Drive-in Movies

When was the last time you went to a drive in movie? Admittedly, the pickings are pretty scarce these days. At last count there were only 559 drive-in screens at 317 locations remaining in the United States and even less in Canada and Australia. While many states have multiple outdoor venues to watch film, many only have one or just a few.

This is a far cry from the glory days of the Drive-in. In the late 50’s, some estimates have the number of venues reaching over 4600. The drive-in is a uniquely American business and mostly mom and pop operations. While other countries have copied them, their numbers fall far short of America in its heyday.

From the introduction of home video equipment and cable channels in the late seventies to the most recent cost of conversion from analog (photochemical film) to digital (disc or server based) have been cited as reasons the drive-ins are going out of business. Obviously, these are contributing factors. But the sharp downturn over the years is due to multiple factors many having nothing to do with technology.

The migration of populations from city to suburbs, the cost of the land as those suburbs became more valuable, the building of malls with movie theaters making them convenient to suburbia, the limitation of drive-in hours to after dark and how daylight savings time made that worse, cars getting smaller because of the cost of gas, multiple gas crises as a reason to not even start the car all, even down to neck rests blocking the back seat view all provided reasons to stay home and caused drive-ins to close permanently. Life in America was changing and drive-ins, by their very nature, could not keep up.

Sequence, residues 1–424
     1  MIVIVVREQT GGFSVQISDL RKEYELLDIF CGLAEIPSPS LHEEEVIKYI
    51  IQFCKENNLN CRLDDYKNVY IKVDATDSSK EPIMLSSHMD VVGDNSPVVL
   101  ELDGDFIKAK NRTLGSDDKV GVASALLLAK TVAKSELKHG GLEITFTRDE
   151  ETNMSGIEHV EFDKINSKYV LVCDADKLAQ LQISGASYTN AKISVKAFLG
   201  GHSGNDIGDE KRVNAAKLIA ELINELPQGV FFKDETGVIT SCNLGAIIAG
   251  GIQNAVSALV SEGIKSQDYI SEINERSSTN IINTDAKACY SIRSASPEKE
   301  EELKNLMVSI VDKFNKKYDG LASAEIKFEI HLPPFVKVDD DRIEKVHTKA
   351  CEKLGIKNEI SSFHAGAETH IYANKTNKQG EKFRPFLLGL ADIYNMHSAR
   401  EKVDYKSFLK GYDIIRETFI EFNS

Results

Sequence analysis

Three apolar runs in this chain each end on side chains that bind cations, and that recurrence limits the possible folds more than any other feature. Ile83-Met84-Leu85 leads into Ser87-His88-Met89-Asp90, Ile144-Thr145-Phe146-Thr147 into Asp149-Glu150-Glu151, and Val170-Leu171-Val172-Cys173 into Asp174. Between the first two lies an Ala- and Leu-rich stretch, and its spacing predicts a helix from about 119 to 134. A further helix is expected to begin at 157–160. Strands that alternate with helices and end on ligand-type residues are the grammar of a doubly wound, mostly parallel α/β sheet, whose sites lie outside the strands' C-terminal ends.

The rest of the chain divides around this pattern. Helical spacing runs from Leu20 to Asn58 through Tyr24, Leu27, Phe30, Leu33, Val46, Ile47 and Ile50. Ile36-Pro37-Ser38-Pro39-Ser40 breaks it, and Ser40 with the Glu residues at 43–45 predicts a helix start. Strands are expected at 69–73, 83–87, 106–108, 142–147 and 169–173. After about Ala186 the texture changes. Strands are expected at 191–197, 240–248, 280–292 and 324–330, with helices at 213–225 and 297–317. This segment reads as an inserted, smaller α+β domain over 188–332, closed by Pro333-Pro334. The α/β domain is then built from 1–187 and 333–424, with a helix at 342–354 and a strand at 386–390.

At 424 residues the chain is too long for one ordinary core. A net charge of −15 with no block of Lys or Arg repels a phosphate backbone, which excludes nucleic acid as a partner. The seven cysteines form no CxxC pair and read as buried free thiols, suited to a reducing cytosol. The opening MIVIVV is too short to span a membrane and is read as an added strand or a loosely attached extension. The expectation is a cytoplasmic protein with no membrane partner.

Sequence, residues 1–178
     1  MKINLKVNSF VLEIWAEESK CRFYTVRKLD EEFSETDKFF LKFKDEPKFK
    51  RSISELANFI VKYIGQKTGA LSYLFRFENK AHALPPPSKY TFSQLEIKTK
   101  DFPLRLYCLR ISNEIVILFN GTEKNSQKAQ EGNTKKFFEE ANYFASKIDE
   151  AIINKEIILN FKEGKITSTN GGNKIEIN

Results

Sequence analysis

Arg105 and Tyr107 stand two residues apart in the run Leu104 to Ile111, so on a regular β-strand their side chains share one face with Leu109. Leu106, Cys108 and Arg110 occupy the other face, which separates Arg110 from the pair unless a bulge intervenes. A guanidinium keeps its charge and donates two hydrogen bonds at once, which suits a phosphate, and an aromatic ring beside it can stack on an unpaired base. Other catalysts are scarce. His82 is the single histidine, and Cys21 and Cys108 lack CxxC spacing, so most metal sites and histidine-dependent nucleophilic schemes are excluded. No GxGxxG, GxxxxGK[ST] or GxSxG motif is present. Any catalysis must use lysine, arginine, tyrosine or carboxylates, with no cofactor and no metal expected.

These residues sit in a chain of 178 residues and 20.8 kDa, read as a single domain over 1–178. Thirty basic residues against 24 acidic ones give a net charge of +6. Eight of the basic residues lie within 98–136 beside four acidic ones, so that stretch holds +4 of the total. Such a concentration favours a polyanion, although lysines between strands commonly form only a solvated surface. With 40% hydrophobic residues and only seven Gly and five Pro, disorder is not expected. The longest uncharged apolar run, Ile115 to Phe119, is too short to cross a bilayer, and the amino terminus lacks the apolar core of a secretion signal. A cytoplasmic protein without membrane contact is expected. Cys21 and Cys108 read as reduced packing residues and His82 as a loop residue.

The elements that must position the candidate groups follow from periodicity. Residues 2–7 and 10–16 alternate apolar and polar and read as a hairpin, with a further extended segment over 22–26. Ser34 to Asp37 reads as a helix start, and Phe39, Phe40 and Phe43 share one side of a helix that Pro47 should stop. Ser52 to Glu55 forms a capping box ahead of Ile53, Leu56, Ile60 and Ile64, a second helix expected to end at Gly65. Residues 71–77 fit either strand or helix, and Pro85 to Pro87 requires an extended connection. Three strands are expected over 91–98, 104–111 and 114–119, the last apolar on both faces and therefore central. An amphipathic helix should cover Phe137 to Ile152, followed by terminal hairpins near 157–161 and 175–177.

On June 6th, it will be ‘National Drive In Movie day’. It celebrates the first opening of an installation that made it easy for families to go to the movies and dating couples a private place to either experience the movie or each other. According to, “June 6th, 1933, Richard Hollingshead opened the first, permanent drive-in theater in Camden, NJ.” He was granted a patent in May of 1933 and a month later he opened the first drive-in and called it the Automobile Movie Theatre. Hollingshead never made any money off his idea and sold it to a new owner who changed the venue location.